Fire experts are patrolling a flat complex in Glasgow 24 hours a day after fire safety issues were identified.
The “waking watch”, funded by the Scottish government, was rolled out after building developers failed to make necessary improvements.
The patrol will alert residents at Lancefield Quay on the River Clyde if a fire breaks out.
Housing Secretary Shona Robison urged developers to take responsibility for safety work on cladding.
The Scottish government received the fire engineer’s safety report recommending a waking watch in late December which was shared with the developers.
Despite urgent negotiations, an agreement has not been reached.
A letter sent to all residents said the patrol would remain at the development until longer-term measures were rolled out, such as the installation of an integrated alarm system.
The Scottish government said residents would have 24-hour protection from the team of fire experts, with the aim of giving residents early warning if a fire breaks out.
Ms Robison said: “We have been engaging urgently with the developers of these buildings, they must step up and take responsibility for work to keep the residents in their buildings safe.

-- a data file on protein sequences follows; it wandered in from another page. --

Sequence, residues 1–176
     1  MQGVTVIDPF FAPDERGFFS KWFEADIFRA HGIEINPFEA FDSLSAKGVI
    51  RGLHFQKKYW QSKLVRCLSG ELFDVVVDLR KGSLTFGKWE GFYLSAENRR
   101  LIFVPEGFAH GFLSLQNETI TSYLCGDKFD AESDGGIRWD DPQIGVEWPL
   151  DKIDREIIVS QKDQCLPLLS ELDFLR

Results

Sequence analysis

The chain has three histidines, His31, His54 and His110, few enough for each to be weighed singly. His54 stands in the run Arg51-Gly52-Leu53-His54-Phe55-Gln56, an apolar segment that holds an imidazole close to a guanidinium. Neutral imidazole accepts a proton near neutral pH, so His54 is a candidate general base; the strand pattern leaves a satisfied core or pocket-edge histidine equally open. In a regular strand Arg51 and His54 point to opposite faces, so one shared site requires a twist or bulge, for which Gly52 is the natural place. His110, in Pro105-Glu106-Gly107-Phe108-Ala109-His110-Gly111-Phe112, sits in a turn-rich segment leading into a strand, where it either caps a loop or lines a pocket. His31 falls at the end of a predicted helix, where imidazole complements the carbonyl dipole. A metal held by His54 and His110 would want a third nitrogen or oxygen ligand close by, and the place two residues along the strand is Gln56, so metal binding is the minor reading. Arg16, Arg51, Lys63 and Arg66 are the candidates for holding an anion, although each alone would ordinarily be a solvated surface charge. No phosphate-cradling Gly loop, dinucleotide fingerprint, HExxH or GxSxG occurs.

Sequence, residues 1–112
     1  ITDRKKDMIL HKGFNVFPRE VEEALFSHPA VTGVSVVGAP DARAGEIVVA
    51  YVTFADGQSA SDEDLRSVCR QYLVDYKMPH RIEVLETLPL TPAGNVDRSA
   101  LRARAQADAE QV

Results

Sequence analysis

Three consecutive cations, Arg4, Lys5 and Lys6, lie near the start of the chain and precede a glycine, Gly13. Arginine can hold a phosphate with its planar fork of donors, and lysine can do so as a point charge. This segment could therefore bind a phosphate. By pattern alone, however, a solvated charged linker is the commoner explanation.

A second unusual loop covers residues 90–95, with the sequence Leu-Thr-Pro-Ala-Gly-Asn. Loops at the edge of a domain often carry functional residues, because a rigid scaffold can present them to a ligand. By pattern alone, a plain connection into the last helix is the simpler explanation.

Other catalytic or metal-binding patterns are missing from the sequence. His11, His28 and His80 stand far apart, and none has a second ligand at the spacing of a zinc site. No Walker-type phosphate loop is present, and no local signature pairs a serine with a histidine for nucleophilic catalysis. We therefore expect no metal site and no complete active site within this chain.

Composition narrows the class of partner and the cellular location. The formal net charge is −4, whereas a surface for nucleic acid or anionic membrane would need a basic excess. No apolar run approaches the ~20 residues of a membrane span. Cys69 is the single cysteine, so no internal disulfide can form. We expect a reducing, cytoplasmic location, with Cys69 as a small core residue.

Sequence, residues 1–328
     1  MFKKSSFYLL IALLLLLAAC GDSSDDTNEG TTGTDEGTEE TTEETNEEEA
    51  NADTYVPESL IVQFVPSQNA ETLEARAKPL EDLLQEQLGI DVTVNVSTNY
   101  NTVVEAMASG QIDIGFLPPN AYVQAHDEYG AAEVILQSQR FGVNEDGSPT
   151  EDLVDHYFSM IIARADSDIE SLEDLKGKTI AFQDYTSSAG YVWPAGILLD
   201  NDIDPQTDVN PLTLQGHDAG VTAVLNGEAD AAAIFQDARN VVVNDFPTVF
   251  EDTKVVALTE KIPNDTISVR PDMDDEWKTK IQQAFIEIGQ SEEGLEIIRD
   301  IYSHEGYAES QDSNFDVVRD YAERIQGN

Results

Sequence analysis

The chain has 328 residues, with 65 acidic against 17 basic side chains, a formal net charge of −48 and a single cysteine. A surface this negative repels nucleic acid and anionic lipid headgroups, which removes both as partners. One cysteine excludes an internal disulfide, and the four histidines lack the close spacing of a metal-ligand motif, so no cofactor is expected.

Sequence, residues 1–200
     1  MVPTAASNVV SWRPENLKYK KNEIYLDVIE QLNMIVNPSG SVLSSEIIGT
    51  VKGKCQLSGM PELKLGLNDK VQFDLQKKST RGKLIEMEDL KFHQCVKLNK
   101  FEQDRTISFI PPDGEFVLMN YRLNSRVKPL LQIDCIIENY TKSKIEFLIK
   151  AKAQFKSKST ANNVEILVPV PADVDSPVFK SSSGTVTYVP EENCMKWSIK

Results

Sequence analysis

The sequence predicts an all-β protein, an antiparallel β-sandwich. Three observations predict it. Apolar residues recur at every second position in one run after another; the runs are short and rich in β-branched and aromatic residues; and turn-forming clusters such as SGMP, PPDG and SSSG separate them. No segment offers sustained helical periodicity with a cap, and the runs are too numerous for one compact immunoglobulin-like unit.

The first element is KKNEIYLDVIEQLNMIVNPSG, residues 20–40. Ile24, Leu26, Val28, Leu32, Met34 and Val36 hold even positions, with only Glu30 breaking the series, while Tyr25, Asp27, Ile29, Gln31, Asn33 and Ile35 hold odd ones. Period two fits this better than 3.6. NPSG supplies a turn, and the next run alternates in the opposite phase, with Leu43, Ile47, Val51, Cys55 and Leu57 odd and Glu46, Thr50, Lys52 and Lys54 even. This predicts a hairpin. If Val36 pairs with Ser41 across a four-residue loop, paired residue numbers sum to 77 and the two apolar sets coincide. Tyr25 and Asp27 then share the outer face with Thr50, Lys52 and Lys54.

“The safety of residents is our utmost priority – that’s why the Scottish government is intervening now to fund this work and ensure enhanced safeguards are in place as quickly as possible.
“Our negotiations with the developers are ongoing and it is my sincerest hope that a resolution can be found.
“These are temporary measures while improvements are made at this site – residents have been informed.”
The fire safety risks were identified following a single building assessment of the development as part of the cladding remediation programme.
Kaukab Stewart MSP for Glasgow Kelvin said: “I truly empathise with the situation people are in and I have been working with them over many months to find a solution to the issue of defective cladding.”
Concerns were raised over combustible cladding nationwide following the Grenfell Tower tragedy in London in 2017, which killed 72 people.
Cladding regulations were already stricter in Scotland than the rest of the UK, due to legislation that had been introduced in 2005.
This followed a fatal fire at the Garnock Court tower block in Irvine in 1999.
Last year the Scottish government committed to expanding the country’s assessment programme for cladding on high-rise buildings to ensure residents were protected.
However, issues were raised around who would pay for any necessary replacements – the Scottish government, the developers or the homeowners.